God of Biscuits’ vudu

I’ve written before about the vudu box I obtained through their Evangelist program. Up until a few days ago, nearly all of the content was SD (standard definition, DVD-quality stuff). To inaugurate HD content to their library, they surprised us all by pushing down the first two Bourne movies in HD without telling us, followed by a “Tah Dah!”

It was classy. And an savvy demonstration of the value-add of the internet. I’m pretty damned techie, and even I was taught a bit of something. That was the genius in it: they exploited the internet connectivity by elevating its exploitability. Does that make any sense?

The history of technology can be described, from a certain perspective, as a steady increase in complexity which is best utilized by providing simplicity to humans: to hide the complexity! And the front end, the user-facing end, keeps floating to the top, hiding more and more piled up complexity behind every increasingly abstract and illusory—and realistic! neat trick!—simplicity.

Unless you’re a User Experience expert, you’ll have absolutely no idea how difficult it is to create an illusion and maintain it without fail for a user trying to accomplish a task. And as I’ve said before, vudu is a box and a (very sexy!) remote:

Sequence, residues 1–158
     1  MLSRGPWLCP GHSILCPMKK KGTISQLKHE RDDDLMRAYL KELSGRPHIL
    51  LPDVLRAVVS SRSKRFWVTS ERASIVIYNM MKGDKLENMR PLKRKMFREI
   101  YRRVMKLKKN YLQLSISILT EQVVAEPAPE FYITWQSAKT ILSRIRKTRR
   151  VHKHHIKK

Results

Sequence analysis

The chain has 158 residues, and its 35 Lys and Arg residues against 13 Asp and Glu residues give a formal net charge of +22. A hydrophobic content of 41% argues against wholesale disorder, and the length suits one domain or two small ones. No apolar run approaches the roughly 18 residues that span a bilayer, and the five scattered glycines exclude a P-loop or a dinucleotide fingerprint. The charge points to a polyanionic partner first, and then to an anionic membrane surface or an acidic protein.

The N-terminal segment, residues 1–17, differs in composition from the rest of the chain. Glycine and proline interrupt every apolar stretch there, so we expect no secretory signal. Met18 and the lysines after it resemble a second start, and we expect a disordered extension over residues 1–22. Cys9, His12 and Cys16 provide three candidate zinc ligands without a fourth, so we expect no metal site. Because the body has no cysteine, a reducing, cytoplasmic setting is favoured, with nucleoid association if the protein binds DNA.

1. Switch the input source on your HDTV or home theater receiver.
  2. Search, browse, save as favorites
  3. Buy or rent a title
  4. Start watching immediately

It’s as simple as that. Even HD titles start instantly (which makes me suspect that they push down 1% or so of each HD title and store it on its HDD.

That continues to be the one sour note in the whole vudu song: it’s a P2P network, and as such, and with the amount of bandwidth that the box is consuming being opaque, it makes me worry how much traffic is going in and out of the house.

The closed nature of the box—and no, not in the same way that Macs were closed way back when—is a huge disappointment, however: I have no idea how much disk space I have left except to estimate the three HD titles that live permanently on the box. I could guess that each hour is about 1.1 GB or so, so maybe half the disk is already filled.

As I continue to use the vudu box, the more I notice how isolated the box is from the rest of the home theater system.

And now that the Apple TV provides direct movie rentals and streams music and video and photos from my iTunes Library, and connects to flickr and now acts as an AirTunes client…

Well, you can see where this is all going…